Snippet: “Tell a Story” – a project to promote literature among tourists

This blogger loves the picture of a bookvan (mobile bookstore) in Lisbon (Belém?). It made the news in the summer of 2013, as it visited different sights to promote Portuguese authors among foreign tourists:

“In Cais do Sodré the tourists can meet O Memorial do Convento [Baltasar and Blimunda] by José Saramago. In Príncipe Real it is time for Eça de Queirós (1845-1900, Wikipedia) and his classic Os Maias [The Maias]. In Belém, to come across Fernando Pessoa and his Desassossego [The Book of Disquiet]. Translated into English, French, Spanish and German, the books by José Cardoso Pires (1925-1998, Wikipedia), Jacinto Lucas Pires (Porto, 1974, +info), Gonçalo M. Tavares and Miguel Torga (1907-1995, Wikipedia) are also some of those available in this van.” (Marta Spínola Aguiar)

You can read more about the project on its website.

SOURCES: Espalha factos, Aug. 1, 2013; Tell a Story (website)

Snippet: Notivol’s “Emptying the cabinets”

Rodolfo Notivol, Vaciar los armarios [Emptying the cabinets], 2016, 388 p.

publisher’s summary:

Marina, the second of nine siblings, looks back after the years and in a long monologue slowly reveals the history of her family. With its lights and shadows, the records surface with the naturalness of her who narrates in the only possible way what happened.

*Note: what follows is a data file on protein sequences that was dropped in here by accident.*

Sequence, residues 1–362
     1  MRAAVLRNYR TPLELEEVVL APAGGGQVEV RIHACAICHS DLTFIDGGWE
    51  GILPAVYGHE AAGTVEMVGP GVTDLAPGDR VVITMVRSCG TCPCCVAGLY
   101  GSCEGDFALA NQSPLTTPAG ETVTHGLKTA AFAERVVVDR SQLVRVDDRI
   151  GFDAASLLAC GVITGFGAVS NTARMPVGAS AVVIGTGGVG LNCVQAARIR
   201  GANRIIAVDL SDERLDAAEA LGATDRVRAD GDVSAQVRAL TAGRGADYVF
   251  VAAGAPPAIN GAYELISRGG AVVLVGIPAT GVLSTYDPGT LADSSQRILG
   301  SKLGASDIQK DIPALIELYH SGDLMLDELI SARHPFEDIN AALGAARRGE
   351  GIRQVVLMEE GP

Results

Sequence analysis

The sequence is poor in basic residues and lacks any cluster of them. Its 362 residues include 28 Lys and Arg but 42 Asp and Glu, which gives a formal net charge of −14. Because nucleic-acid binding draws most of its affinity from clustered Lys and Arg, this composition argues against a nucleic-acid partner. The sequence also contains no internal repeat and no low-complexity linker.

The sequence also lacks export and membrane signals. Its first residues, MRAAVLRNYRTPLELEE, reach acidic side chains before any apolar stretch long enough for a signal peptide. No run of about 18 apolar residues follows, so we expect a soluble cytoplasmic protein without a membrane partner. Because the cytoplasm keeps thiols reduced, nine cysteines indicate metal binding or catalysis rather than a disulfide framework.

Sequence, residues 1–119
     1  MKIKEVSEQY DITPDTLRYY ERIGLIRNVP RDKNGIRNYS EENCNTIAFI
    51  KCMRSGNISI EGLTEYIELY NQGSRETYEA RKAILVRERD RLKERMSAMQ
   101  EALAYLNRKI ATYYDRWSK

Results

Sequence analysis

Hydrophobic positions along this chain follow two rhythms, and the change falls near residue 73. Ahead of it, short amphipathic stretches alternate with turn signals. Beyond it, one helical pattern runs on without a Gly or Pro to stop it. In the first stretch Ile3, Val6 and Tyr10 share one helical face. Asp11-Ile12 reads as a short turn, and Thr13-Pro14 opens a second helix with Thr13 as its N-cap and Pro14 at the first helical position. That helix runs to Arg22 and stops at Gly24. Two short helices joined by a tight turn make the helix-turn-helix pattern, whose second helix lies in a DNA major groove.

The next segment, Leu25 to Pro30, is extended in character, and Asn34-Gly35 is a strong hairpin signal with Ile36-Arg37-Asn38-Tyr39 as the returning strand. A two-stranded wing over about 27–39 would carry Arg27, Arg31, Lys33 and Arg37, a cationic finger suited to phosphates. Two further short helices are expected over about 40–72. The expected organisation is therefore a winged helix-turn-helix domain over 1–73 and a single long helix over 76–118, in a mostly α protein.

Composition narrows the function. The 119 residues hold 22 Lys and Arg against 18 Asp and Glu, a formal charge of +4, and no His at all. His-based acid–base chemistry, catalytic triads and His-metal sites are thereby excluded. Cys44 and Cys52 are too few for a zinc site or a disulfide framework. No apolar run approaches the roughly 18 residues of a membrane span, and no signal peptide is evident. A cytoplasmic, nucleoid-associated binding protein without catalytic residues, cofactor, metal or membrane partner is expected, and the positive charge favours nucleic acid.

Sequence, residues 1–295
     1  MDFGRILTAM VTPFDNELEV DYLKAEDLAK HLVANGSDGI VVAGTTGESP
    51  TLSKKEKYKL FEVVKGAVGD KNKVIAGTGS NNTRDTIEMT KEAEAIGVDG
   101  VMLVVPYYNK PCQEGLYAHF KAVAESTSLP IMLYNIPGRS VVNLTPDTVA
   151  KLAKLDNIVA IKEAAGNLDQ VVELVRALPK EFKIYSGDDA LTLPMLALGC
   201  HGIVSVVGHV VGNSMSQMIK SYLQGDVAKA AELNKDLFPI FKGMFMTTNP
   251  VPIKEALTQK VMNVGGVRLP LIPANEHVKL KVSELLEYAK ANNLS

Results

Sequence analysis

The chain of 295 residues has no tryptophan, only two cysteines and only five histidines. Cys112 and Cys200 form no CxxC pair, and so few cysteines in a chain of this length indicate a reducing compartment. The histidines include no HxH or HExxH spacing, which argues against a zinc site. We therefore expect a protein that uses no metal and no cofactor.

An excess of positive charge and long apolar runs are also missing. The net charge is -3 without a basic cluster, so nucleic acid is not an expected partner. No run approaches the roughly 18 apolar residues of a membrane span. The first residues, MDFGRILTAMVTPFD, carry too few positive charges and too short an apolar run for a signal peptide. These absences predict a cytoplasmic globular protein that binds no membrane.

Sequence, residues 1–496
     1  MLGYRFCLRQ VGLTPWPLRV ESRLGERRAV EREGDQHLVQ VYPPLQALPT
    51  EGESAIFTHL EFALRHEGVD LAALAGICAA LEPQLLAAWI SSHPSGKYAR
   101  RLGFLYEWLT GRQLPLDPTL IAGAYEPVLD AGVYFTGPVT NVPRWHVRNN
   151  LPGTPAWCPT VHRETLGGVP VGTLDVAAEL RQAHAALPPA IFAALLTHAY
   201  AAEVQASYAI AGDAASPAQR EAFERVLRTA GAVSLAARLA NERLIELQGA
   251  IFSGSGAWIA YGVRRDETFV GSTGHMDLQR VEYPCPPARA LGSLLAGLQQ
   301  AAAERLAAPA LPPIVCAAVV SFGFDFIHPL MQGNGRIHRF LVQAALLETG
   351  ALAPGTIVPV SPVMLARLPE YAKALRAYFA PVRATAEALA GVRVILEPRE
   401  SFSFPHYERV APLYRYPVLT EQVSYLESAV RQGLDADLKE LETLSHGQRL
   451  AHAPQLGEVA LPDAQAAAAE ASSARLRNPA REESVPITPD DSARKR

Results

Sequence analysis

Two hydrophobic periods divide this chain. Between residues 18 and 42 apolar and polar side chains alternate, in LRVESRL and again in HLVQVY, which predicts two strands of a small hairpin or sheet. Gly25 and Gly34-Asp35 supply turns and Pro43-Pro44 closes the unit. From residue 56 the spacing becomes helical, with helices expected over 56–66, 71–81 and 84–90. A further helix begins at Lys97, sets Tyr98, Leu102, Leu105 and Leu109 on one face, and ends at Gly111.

In the same way as when an old family cupboard is emptied, the words and events of a whole lifetime are exposed to light again: the child games, the complicity of and differences between siblings, the house where they grew up, a mother with a sour character who irradiates a powerful presence, the different ways that they took when they became adults. And in the background, the necessity of affection and the incapacity of showing it. The search for happiness, the outstreched hands and the words that were not spoken.

In Vaciar los armarios, Rodolfo Notivol narrates in a masterful way stories as universal as those of all families, and so particular as those that only happen in our family.

Juan Ángel Juristo (critic): “… the reader is torn between tears and laughter. This is the best quality of the book, which makes it precious.”

SOURCE: Xordica (publisher); J.A. Juristo, review in “Cultura/s”, La Vanguardia, May 27, 2017, p. 8 [printed edition]

Tourism as a social problem

Unofficial translation of an op-ed article by Julio Llamazares, published in El País:

I come back from Lisbon, exhausted from fighting with the thousands of tourists that by day and night fill the streets of the white city, apparently recently en vogue such as other cities of the center and the south of Europe. It had been some time since I last visited the place, and besides the views, the historic monuments and the streets with its characteristic trams, a lot of them already used by tourists only, it took an effort to recognize it, such has been the change during recent years. The famous gentrification, the economic and aesthetic epidemic that consumerism imposes wherever mass-tourism gets to, has converted Lisbon into a new Barcelona in the same manner that Barcelona is a reflection of Rome or Prague. With the exception of the monuments, the modern neighborhoods and a few corners, everything has been homologated in these cities; the traditional trade and commerce has disappeared, substituted by franchises and by fashion stores; and the local populations are devoted to the unscrupulous fleecing of the tourists, who, rather than travellers, have been turned into victims of a new and legal banditry, accepted by all or nearly all. “Don Dinero” (“Sir Money”) is too powerful to take into account ethical considerations.